New findings presented at the Endocrine Society’s Annual Meeting (ENDO 2021) showed that treatment with MCB-613, a small molecule activator of steroid receptor co-activators (SRCs), can potentially repair heart tissue following a severe heart attack.
As such, damage leading to heart failure may be prevented.
Previous research has demonstrated that MCB-613 can stimulate SRCs, proteins that are responsible for cellular changes and growth.
“Members of the p160 SRC family, SRC-1 (NCOA1), SRC-2 (NCOA2/TIF2/GRIP1) and SRC-3 (NCOA3/AIB1/ACTR/pCIP), interact with nuclear receptors and other transcription factors to drive target gene expression by assembling transcriptional coactivator complexes to increase transcription,” explained the investigators, led by Lisa Mullany, PhD, Baylor College of Medicine, Houston.
“This indicates a potential for SRC targeting drugs pertinent to cell migration, proliferation and survival- promoting paracrine interactions in cardiac tissue injury responses,” they continued.
They explained that MCB-613 selectively and reversibly binds to SRCs and can enhance SRC transcriptional activity, as demonstrated in mice.
“We postulated that MCB-613 could enable wound repair and preservation of cardiac function after an acute MI by reducing the extent of injury-related fibrosis and the subsequent chronic loss of cardiac function associated with non-contracting scar tissue,” Mullany and team wrote.
Thereforw, they administered MCB-613 to a mouse model 2 hours following ischemic injury.
They assessed measurements of functional cardiac output and damage as well as cell-type specific responses that are responsible for MCB-613’s cardio-protective effects. They did so by using single cell transcriptomics of cardiac interstitial cells so they could characterize the effects of SRC stimulation on cardiac function following myocardial infarction.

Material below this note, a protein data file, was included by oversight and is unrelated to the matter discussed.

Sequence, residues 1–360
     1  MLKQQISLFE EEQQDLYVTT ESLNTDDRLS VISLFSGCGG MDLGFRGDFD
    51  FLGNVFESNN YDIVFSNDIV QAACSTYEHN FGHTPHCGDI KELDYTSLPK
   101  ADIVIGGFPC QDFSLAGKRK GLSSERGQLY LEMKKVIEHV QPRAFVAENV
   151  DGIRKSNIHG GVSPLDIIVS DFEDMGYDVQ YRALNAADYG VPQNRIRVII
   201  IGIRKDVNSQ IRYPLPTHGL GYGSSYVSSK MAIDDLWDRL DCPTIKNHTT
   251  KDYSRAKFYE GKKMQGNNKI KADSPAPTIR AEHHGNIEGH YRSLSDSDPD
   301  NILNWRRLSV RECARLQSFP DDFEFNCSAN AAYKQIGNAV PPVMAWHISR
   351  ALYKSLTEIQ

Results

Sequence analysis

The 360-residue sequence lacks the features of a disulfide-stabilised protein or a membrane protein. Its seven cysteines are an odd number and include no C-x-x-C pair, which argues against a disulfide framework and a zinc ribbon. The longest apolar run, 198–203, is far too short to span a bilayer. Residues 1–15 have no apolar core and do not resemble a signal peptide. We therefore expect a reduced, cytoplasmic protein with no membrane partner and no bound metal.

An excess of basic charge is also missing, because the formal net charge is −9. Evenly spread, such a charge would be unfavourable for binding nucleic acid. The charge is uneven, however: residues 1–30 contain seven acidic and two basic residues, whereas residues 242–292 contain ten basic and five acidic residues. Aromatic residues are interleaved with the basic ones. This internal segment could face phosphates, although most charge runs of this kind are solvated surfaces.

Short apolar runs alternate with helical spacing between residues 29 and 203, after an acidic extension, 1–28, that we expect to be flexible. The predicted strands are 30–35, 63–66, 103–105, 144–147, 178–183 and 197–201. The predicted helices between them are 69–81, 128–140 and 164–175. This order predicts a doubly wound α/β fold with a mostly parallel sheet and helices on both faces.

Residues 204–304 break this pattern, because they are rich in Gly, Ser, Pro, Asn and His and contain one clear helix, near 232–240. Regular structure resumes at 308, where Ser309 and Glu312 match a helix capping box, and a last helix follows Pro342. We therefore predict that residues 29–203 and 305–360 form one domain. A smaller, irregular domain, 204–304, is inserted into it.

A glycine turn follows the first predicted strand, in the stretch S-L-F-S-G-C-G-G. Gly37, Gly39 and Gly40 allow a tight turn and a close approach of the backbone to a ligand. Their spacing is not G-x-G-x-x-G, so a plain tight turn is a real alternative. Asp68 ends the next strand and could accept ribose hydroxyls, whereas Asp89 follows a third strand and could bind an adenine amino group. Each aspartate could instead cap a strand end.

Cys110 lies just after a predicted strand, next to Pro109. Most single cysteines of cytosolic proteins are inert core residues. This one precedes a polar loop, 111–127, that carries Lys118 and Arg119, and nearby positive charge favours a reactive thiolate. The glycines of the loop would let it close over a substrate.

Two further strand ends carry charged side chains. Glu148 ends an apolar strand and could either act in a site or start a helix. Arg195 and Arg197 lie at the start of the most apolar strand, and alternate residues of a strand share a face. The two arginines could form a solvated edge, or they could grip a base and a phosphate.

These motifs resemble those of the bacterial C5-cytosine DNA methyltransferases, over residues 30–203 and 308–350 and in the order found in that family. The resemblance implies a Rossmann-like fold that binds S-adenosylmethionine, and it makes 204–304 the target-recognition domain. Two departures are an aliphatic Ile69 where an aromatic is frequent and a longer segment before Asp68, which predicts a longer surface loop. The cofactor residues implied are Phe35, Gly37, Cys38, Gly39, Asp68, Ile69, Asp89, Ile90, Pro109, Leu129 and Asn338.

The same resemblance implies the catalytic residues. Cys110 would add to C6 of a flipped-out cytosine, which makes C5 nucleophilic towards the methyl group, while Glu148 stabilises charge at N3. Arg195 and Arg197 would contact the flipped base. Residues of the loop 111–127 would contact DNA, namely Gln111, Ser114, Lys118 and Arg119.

The team demonstrated that the SRC stimulator has the ability to attenuate pathological remodeling following myocardial infarction.
They observed that MCB-613 decreased infarct size, apoptosis, hypertrophy, and fibrosis. All the more, the investigators noted, significant cardiac function was maintained.
MCB-613 granted long-lasting protection from adverse remodeling while inhibiting macrophage inflammatory signaling and IL-2 signaling, attenuating fibroblast differentiation, and promoting Tsc22d3 expressing macrophages.
Doing so has the potential to reduce the acute inflammatory response and limit inflammatory damage.
“This is a remarkable discovery that may lead to effective and safe treatments to prevent the progression to heart failure after a heart attack,” Mullany said in a statement. “Our findings show us that we can directly modulate heart tissue repair to prevent heart failure.”
These findings add to the growing body of research that indicates further analysis of SRCs as potential drug targets for the management of myocardial injury response outcomes is warranted.
The study, “A Steroid Receptor Coactivator Stimulator MCB-613 Attenuates Adverse Remodeling After Myocardial Infarction,” was presented at ENDO 2021.